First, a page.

Cangleska Waste' (Good Circle) Program

The Cangleska Waste’ Program uses a holistic model that provides the family-centered orientation of tribal life for American Indian students.

The program encourages student-centered planning and cultural and navigational experiences that will help students cultivate a deeper cultural footprint while at NSU.


We help students navigate college life from the time they arrive through graduation. We're a place where building connectedness and a sense of community contributes to the personal growth of our American Indian/Alaska Native students. 


Dedicated Student Services

  • Individualized academic advising to help students from first day through graduation
  • Mentoring program
  • Weeklong bridge program to build community and help with the transition from home to a college setting
  • Tribal higher education and scholarship assistance
  • Financial literacy workshops
  • Specialized skill-building sessions
  • American Indian internship opportunities
  • Dedicated program office with student lounge
  • Connection to the Native American Student Association (NASA)
  • Networking
  • Professional/elder/community support


Academic Offerings

  • Connection to tutoring center/peer tutors
  • Feathering/graduation ceremony
  • Crazy Horse Memorial Scholarship

Campuswide Events

  • Cultural speaker series
  • American Indian/Alaska Native issues
  • Feathering/graduation banquet
  • Crazy Horse Scholarship banquet
  • Workshops (elder storytelling, talking circle, cultural presentations)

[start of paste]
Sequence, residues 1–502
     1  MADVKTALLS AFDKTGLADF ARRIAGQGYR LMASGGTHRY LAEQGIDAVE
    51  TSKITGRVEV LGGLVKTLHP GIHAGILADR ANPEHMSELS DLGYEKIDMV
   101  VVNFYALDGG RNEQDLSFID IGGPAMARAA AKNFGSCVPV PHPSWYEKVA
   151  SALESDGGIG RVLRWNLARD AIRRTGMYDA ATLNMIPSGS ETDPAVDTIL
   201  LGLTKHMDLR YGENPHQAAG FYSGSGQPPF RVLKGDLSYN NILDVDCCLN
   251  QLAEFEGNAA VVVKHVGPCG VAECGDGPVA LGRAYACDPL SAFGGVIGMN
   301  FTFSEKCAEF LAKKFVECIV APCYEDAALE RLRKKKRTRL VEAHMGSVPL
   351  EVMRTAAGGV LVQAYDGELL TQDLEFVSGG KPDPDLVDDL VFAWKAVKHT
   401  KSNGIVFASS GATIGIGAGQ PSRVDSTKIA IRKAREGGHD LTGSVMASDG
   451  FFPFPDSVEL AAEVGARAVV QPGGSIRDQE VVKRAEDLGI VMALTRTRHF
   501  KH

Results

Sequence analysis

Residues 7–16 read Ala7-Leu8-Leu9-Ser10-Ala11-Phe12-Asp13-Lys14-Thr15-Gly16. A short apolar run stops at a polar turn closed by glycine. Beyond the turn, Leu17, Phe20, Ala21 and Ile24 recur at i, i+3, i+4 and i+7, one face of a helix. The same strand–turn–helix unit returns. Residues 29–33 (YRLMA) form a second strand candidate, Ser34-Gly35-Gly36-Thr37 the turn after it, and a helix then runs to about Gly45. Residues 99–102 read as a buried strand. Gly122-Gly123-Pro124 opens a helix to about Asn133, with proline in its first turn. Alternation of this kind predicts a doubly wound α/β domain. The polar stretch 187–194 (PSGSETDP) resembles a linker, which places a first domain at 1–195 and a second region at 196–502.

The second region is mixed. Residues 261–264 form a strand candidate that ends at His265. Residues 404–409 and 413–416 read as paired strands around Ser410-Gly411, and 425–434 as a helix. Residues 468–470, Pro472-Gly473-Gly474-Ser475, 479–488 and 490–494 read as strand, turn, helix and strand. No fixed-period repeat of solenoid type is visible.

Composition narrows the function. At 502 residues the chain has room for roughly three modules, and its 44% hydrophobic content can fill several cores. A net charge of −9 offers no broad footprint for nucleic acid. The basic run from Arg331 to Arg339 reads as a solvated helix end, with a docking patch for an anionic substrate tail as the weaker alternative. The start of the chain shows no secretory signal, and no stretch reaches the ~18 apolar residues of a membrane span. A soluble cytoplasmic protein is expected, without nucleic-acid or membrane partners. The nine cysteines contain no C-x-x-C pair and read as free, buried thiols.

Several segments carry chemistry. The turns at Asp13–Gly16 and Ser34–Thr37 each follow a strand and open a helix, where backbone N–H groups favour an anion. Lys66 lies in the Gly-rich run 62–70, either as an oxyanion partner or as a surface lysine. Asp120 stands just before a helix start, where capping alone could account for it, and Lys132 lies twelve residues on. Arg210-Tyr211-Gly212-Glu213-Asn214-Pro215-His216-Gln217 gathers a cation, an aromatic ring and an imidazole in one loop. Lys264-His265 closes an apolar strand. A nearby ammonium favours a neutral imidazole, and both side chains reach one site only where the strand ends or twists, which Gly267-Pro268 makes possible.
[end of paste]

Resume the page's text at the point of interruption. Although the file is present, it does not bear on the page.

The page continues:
Northern student wins recognition with Lakota ceremonies research

Northern State University Honors student Jaeden Shaving won first place in the National Collegiate Honors Council annual conference diversity poster category for his research titled “The Sacred Rites: The Meaning Behind Lakota Spiritual Ceremonies.” 


Read the article

Native and Indigenous Studies Minor

Native and Indigenous Studies Minor

Northern offers a Native and Indigenous Studies minor, which features Lakota language classes; experiential learning opportunities, including a traveling classroom; and new courses in Native identity and resiliency, global indigenous media, and Federal Indian law. This minor will help students draw connections between local Native American experiences and global indigenous cultures within a broad range of topics.


To learn more or register for the Native and Indigenous Studies minor, contact:


Lara Nelson

American Indian Circle Program director and academic advisor


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